In the 21st century, the global gas demand will be met only by extensive production of unconventional gas (shale and tight sand gas, deep gas, basin concentrated gas accumulation, etc.). All such gas-bearing formations are characterized, however, by extremely low, usually micro Darcy range permeability. Unfortunately, the operators of such reservoirs face with difficulties when routine drilling, well completion, fracturing, and production technologies are used. One source of the problems can be traced back to use of water-base fluids. Therefore, the laboratory studies aimed at elucidating the reasons why water-based fluids are harmful and seriously jeopardize the gas production from such reservoirs.
The water induced formation damage is illustrated in a porous media having 0.001–0.1 mD permeability and obtained from a tight sand gas formation. Its pore structure was analyzed by HP Hg porosimetry and the wettability was determined by digital image analysis. The spontaneous imbibition was tested with standard method. Surface tension of water was determined by automatic ring method. The critical Pc needed to mobilize water was calculated as a function of pore size distribution.
Using the relevant data (pore size distribution, wettability and surface tension) the calculated Pc was in range of 40–75 bar for cores obtained from medium depth (3600 m); meanwhile it was extremely high, 500–600 bar for cores derived from deeper layers (>6000 m). Based on these data it was concluded that the native water saturation should be high (>70%) and immobile in similar formations and because of the high imbibition rate the water behaves as a potential blocking phase in the cores. The mentioned factors seriously influence both the resource/reserve assessment and the production efficiency. Since the water may induce formation damage hard to control, application of water free fluids is recommended in any phase of field operation at unconventional gas reservoirs.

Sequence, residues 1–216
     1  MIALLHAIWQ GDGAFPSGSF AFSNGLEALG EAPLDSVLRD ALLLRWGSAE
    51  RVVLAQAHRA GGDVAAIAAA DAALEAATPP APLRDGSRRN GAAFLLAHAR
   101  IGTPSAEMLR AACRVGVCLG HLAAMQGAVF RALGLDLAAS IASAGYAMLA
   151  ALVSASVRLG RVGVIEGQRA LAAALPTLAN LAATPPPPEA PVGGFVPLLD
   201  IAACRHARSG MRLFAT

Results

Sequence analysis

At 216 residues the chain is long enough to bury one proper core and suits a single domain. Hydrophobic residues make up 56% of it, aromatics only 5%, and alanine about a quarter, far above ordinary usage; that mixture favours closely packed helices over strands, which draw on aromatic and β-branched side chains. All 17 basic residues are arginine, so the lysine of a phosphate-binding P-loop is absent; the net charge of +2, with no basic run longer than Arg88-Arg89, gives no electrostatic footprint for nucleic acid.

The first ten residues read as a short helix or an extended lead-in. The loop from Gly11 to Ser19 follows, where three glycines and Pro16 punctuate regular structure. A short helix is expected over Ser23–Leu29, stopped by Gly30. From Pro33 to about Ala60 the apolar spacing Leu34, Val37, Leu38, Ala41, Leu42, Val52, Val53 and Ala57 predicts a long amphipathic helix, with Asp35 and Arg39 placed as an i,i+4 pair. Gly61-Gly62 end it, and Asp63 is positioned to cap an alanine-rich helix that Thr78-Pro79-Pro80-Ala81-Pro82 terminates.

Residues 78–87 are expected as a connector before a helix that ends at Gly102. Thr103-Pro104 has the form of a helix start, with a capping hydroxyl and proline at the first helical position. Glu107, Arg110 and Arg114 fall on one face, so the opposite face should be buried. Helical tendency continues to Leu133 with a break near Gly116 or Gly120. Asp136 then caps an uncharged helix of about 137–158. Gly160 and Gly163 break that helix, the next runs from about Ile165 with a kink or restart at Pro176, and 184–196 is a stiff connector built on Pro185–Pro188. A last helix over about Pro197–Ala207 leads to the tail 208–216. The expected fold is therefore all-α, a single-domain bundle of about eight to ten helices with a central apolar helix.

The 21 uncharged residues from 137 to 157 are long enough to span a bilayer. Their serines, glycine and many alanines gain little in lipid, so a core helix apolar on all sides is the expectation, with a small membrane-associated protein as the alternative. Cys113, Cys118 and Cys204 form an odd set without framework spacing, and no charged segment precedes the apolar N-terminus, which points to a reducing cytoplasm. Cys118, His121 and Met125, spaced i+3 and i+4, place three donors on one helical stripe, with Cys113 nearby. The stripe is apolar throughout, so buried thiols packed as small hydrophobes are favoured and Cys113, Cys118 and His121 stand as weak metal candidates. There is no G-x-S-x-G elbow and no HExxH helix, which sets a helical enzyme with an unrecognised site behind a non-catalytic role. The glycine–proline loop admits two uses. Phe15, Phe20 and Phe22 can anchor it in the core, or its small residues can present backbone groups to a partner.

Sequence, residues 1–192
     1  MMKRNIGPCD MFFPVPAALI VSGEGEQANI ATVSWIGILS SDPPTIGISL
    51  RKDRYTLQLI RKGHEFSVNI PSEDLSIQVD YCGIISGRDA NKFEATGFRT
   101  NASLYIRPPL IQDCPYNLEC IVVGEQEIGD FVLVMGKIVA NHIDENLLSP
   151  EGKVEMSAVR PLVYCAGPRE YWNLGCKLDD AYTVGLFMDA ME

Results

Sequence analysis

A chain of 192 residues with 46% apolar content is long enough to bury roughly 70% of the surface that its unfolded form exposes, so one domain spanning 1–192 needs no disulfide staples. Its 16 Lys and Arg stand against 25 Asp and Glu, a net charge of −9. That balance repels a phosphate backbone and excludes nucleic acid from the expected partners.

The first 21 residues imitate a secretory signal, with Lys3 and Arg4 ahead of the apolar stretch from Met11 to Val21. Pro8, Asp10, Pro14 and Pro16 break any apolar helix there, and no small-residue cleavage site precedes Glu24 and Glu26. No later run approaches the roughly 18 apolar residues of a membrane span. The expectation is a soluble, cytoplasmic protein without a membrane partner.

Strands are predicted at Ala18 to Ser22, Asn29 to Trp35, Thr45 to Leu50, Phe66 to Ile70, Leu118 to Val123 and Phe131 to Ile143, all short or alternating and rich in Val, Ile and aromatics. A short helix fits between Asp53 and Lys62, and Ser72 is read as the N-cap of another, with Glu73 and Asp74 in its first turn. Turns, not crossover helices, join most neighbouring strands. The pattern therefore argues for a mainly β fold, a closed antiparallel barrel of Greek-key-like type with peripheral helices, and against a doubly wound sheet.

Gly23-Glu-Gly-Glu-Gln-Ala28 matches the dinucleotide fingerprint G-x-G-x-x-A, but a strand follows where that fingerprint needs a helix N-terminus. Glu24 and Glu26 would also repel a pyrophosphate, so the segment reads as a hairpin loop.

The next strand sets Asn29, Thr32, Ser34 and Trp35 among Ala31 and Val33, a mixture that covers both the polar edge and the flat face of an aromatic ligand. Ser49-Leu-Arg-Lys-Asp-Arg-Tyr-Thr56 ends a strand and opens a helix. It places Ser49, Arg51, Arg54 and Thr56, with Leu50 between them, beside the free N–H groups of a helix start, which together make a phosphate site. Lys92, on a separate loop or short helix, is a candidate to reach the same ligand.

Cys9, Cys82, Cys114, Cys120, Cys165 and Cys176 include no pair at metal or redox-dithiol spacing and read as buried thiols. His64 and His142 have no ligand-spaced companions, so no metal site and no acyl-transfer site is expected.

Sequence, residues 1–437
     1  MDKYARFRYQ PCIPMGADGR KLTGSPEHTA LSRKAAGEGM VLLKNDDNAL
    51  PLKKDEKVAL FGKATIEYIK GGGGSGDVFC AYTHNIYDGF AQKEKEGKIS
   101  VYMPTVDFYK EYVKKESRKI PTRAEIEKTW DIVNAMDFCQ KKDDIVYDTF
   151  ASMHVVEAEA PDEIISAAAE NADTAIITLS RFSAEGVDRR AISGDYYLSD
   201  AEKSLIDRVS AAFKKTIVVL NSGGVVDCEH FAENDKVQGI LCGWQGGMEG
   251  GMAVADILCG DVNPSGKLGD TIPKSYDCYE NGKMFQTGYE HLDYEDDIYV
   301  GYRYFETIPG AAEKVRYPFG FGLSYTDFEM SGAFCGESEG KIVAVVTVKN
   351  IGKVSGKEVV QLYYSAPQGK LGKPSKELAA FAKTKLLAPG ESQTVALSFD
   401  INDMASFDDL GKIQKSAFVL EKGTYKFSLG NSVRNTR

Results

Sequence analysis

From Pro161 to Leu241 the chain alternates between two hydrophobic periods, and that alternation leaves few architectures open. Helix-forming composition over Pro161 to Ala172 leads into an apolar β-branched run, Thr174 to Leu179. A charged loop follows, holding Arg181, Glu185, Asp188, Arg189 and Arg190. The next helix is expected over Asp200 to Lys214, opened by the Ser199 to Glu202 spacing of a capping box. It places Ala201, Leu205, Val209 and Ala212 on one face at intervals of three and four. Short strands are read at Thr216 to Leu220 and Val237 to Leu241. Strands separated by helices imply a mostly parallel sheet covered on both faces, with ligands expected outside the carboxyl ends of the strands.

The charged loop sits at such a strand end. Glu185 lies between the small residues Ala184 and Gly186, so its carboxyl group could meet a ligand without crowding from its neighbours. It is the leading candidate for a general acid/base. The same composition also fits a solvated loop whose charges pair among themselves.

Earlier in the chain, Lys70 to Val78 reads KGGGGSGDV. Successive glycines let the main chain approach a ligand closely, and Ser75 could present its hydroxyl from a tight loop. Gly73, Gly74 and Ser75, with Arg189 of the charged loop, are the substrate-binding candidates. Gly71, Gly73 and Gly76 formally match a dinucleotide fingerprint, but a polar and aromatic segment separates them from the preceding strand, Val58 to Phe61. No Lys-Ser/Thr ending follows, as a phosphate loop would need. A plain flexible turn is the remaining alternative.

Energy demand is expected to quadruple in the 21st century. An energy mix that is undergoing a transition from the current dominance of fossil fuels to a more balanced distribution of energy sources will meet the energy demand. Although the relative importance of hydrocarbons apparently will decrease from 60% (present) to 15% (in 2100), roughly 250–260 billion t of crude oil (annually 2.5 billion t on average through the whole century) must be produced to meet the worldwide demand. Because of high demand, the production lifetime is only 40 years for oil. The global situation in natural gas seems to be better, but not comforting. According to a widely accepted forecast, the proved (industrial) reserve reported by BP Statistical Review1 is 179.53 Tm3 by the end of 2007. According to the US Geological Survey2, the undiscovered gas resources total up to a probable maximum of 147.16 Tm3, that is already less than the proved industrial reserves. Actually, the available world gas reserve is much lower if the gas recovery coefficient is less than the unity (100%).